“Hey, Brandon,” she said, bouncing up to the counter – not a coworker, but the girlfriend of one, whom I didn’t know from Adam – and said, “Do you know the difference between a cheeseburger and a [sexual reference]?”
No. I do not know the difference between those two things, and I’ve as much desire to find out as to go dumpster-diving in full view of Main Street on rush hour. Which I suppose is not altogether unrelated.
I looked at them with what I hoped was my (increasingly common) world-weary half-grin.
“C’mon. Enough for one night,” I said.
They relented good-naturedly.
I’m trying to be gracious here. I don’t want to be THAT Christian, the one who gets all stunned and debilitated because unbelievers are acting like unbelievers. You have to let this stuff slide off your backs in environments like my second job.
Plus, I actually enjoy this particular coworker. He’s got a lot of character (other than the one-track mind), we work great together, and I do consider him a friend. Burning bridges over this stuff would not do. Not when I’m called to share Christ with the people in my life.
But this stuff does get tiring. Perhaps you relate.
So much for “her body, her choice”, it seems.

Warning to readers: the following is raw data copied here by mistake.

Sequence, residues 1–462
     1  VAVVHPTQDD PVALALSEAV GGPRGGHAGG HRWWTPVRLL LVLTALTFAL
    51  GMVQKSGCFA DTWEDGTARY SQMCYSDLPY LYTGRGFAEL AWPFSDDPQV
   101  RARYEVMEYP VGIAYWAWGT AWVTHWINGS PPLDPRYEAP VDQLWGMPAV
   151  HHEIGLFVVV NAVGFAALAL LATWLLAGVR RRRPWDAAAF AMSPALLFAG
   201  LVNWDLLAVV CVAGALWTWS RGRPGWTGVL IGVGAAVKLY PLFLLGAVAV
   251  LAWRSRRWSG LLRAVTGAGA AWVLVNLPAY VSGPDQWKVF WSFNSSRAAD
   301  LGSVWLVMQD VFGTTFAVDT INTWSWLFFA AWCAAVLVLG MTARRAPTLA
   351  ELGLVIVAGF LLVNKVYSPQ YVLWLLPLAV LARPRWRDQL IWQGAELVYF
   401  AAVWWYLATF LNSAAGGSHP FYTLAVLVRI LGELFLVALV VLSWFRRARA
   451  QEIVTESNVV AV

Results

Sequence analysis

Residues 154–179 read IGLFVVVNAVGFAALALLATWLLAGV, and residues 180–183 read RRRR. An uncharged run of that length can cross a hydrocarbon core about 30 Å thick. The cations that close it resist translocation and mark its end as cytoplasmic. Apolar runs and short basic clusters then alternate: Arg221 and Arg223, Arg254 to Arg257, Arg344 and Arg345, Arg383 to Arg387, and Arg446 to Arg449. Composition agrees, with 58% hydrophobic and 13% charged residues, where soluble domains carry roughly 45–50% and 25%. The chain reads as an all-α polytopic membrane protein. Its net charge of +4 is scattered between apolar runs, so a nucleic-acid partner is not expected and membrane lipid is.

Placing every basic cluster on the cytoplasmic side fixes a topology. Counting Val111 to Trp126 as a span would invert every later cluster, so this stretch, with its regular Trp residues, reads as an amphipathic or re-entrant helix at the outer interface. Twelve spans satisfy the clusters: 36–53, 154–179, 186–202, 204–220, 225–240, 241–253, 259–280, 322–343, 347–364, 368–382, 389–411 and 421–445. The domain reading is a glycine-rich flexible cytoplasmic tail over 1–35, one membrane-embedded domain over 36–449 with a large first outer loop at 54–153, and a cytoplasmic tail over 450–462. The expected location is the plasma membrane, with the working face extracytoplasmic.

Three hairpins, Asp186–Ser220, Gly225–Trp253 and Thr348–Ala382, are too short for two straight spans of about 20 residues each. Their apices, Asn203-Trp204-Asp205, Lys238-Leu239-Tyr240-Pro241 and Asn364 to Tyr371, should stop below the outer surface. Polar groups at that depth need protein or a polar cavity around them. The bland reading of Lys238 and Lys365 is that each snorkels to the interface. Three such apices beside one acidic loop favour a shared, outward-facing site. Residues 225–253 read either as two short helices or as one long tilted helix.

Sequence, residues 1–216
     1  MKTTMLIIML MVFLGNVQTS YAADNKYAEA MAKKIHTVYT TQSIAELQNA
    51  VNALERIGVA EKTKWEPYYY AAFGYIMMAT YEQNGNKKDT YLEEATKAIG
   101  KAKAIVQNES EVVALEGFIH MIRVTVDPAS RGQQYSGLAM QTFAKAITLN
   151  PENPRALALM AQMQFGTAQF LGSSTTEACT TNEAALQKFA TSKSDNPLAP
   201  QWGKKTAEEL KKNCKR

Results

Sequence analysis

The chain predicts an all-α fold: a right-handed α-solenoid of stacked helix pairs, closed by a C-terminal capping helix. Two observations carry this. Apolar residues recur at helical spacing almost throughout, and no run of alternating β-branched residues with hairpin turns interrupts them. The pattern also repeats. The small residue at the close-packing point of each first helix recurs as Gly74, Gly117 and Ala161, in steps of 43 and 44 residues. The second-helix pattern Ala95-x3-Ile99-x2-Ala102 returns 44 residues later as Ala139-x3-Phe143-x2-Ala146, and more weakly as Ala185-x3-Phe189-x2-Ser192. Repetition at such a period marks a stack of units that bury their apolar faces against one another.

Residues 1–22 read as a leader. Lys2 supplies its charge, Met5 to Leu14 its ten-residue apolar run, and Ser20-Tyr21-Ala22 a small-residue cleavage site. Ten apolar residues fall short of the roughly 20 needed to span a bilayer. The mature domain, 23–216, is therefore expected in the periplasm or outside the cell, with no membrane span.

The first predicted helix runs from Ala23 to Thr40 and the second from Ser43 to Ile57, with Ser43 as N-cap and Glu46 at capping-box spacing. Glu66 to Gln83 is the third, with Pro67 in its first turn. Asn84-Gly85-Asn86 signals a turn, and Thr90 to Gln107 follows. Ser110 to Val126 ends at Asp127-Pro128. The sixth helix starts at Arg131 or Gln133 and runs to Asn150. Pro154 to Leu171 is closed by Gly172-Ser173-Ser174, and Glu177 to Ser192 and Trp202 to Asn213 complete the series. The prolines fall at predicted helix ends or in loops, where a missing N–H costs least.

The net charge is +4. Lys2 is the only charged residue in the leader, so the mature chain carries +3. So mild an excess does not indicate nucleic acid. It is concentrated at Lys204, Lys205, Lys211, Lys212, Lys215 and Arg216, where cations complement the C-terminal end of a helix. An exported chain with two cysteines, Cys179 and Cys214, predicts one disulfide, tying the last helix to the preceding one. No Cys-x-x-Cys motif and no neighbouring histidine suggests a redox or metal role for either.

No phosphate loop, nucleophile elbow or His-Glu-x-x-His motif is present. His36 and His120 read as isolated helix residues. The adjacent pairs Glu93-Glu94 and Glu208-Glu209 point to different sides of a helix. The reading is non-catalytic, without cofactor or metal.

Amanda Prestigiacomo of the Daily Wire wrote an article last weekend on actress Yvonne Orji and her decision to share with PEOPLE Magazine her desire to remain sexually chaste until marriage.
You can guess what happened. The Twitter peanut gallery lost no time attacking her with all the usual talk – how her decision wasn’t “healthy”, how she was affirming harmful patriarchal constructs, bad role model, quit flaunting your faith in everyone’s face, etc.
Man alive. Is it just me, or has the left gotten just as preachy as the right in the last decade?
Some might be tempted to say that these keyboard warriors are basically the Westboro of the left and don’t truly represent their attitudes.
But I can testify that Yvonne is not experiencing an isolated incident.
I have a confession to make: there have been times I’ve doubted the Prodigal’s motives when reading this piece.
Part 1: Be Careful What You Wish For
Part 2: Sex Isn’t Making Anyone Happy
Part 4: He Runs to Us
Part 5: Goodies and Godliness
“When he came to his senses…” (Luke 15:17a)
Biblical commentators make much of the phrase “came to his senses”. Jesus seems to be describing a soul gone mad from sin, detached from reason, and only just now waking up.
Most skeptics think that Christians are the ones detached from reality. Hearing voices, imaginary friends, etc. They say reason leads away from faith.
They’re using the wrong wisdom. When 1 Corinthians 2:14 says “a natural man does not accept the things of the Spirit of God, for they are foolishness to him; and he cannot understand them, because they are spiritually appraised”, commentators identify the natural man as unregenerated, governed by carnal motives – labeling even earthly wisdom as carnal and prideful. It can’t reveal God.
Sure, that’s a convenient thing to say to a skeptic. It sounds to them like circular reasoning.